New Vrindaban’s Transcendental Throwback Thursday – 03/20/14

NV TBT 03-20-14

New Vrindaban’s Transcendental Throwback Thursday – 03/20/14.

Each week we highlight an earlier era of ISKCON New Vrindaban.

This week’s challenge: Despite a slight blurriness, there are four devotees whose faces are recognizable and two with their backs to the camera. How many can you identify?

Extra Credit: What is the special name of the place they are in?

Post your guesses on the “who, what, when, where & why” in the comment section at the New Vrindaban Facebook Page.

Technical stuff: We share a photo Thursday and confirm known details Sunday. Let’s keep it light and have a bit of fun!

Special request: If you have a photo showing New Vrindaban devotees in action, share it with us and we’ll use it in a future posting.

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Follow Up For New Vrindaban’s Transcendental Throwback Thursday – 03/20/14.

Here’s the info we have:

Who, left to right:

Shobhavati (wearing a light colored sari & dark apron)
Bhokta (wearing glasses and peering into the cooking pot)
Advaita (wearing dhoti and apron, stirring the pot)
Sankirtan (wearing plaid shirt, face partially covered),
Kutila (wearing patterned sari & dark sweater)
Kuladri (wearing white dhoti & dark kurta)

What: Cooking in “The Pits.”

When: Circa 1977-78.

Where: Bahulaban, New Vrindaban.

Photographer unknown.

Below is a description shared by Sankirtan prabhu:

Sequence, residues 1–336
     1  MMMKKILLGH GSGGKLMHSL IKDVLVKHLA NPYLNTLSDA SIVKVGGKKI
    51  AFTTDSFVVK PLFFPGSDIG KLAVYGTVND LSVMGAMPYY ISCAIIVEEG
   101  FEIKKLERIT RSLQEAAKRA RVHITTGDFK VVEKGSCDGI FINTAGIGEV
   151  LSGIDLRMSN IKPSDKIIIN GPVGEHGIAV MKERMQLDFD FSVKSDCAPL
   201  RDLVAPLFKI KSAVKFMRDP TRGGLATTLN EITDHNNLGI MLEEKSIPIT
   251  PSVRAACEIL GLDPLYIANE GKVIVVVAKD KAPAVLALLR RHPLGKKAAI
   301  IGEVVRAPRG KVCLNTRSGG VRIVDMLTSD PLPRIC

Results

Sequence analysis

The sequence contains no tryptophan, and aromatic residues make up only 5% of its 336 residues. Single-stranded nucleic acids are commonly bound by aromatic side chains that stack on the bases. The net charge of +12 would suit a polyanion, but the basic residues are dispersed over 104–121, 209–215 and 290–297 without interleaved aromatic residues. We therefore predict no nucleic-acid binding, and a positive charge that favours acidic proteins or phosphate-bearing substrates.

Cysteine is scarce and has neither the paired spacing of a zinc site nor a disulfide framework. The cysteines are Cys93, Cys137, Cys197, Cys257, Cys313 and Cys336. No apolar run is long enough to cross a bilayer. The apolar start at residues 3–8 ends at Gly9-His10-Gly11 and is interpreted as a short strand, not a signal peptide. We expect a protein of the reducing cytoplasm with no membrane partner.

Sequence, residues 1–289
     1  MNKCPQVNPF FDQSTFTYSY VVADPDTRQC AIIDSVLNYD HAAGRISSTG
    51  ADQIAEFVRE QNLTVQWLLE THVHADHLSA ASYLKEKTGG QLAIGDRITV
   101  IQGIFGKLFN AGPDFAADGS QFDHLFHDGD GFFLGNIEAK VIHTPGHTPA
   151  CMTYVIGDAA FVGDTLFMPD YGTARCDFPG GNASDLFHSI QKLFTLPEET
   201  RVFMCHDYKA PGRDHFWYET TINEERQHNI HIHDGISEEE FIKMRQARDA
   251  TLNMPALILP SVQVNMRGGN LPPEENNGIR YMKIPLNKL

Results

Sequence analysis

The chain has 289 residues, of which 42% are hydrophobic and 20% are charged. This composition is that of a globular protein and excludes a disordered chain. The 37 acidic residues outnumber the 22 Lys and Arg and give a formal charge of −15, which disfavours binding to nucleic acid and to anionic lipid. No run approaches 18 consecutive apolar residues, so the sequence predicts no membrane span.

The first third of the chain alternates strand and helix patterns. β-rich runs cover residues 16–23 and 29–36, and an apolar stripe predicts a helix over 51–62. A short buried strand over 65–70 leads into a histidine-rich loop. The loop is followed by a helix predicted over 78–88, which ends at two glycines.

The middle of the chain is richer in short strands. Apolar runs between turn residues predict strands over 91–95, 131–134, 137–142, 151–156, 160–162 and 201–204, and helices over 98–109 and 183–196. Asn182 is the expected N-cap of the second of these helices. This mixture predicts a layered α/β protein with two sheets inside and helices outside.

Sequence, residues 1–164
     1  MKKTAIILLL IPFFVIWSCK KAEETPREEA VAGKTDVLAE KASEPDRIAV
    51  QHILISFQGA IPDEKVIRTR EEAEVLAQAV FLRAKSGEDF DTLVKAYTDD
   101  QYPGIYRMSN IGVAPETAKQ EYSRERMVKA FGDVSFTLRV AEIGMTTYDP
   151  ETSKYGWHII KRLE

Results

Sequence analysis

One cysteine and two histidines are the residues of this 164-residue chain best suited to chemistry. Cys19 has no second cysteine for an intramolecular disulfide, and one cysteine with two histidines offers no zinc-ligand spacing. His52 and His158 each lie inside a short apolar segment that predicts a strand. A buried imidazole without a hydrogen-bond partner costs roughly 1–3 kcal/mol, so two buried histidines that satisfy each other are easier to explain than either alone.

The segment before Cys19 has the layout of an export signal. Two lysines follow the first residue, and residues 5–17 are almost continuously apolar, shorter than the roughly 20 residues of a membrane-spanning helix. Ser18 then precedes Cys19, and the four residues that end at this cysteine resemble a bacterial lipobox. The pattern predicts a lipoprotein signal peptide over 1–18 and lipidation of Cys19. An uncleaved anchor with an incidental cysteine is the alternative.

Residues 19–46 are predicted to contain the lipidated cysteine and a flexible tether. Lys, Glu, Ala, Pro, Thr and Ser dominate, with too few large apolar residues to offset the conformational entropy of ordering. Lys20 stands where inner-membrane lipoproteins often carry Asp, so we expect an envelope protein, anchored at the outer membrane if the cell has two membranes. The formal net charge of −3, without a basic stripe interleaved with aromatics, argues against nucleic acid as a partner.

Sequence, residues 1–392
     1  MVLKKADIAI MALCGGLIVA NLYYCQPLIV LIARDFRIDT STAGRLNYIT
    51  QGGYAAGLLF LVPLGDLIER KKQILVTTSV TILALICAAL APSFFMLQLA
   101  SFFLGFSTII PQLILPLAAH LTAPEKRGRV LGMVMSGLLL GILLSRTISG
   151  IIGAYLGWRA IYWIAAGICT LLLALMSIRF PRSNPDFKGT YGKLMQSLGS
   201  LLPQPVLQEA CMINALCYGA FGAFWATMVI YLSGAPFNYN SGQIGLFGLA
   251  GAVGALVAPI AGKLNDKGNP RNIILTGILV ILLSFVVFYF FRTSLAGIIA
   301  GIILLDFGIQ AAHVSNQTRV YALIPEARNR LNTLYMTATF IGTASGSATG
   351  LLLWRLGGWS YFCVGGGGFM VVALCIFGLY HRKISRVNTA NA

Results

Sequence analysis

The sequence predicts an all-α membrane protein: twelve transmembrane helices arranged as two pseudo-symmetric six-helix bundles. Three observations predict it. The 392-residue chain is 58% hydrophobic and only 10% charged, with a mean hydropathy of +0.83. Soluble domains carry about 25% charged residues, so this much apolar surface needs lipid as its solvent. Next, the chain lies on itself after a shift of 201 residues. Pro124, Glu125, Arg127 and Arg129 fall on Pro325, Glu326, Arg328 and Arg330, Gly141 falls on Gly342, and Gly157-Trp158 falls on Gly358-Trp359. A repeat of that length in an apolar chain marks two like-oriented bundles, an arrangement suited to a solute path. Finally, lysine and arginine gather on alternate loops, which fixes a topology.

“The picture is probably from around 1977-78. I was in the pits from early 1977 to early ’79. By the spring of ‘79 a new kitchen was built on the ground floor of the guest house building. I cooked both breakfast and lunch. That means I had to be out there by 5 AM because breakfast was around 7 (mangala arati at 4). Tejo trained me up in cooking the famed oat water and rice for breakfast. I probably cooked breakfast for about 15 years, but only cooked lunch until we moved up to the new temple building in the early 80’s. The pits were located outside, adjacent to the Deity kitchen with only a tin roof to cover you from the elements. The cooking continued outside all year round. Moving 20 or 30 gallon pots around wasn’t that much of a problem, nor was the cold. The trick was to keep a steady fire going, since all the cooking was done with wood. And if it rained or snowed you would be dealing with wet wood which didn’t give off too much heat but a lot of smoke. In the winter, you would want to get a head start by stacking the kindling and wood in the pits on the previous evening. So when you got out there in the morning the fire would be already to start. The outside of the pots got all blackened from the fire. I had started with a clean, white apron. But after a week it was as black as the pots since I was throwing the pots here and there and carrying them to a sink to be cleaned.”

A remembrance shared by Pitambar:

“Working in the pits was unique and a challenge but usually fun, especially for feasts. Rice and oat water however a little boring. Working with open flames, many of us caught on fire. One time I remember Taru beating me with a potato sack to put out my burning sari. Speaking of the pots, they were extremely difficult to clean. That service was usually assigned to a new devotee. For a while it was Tilakini and me. Often we ran out of soap and in the winter used the ashes from the wood stove to clean them. There are endless pastimes of service in the pits.”

Thanks for participating. Let’s do it again next week!

Special Request: If you have a photo showcasing New Vrindaban residents in action, from the ’70s, ’80s, ’90s and ’00s, please send it to us and we can share it in a future posting.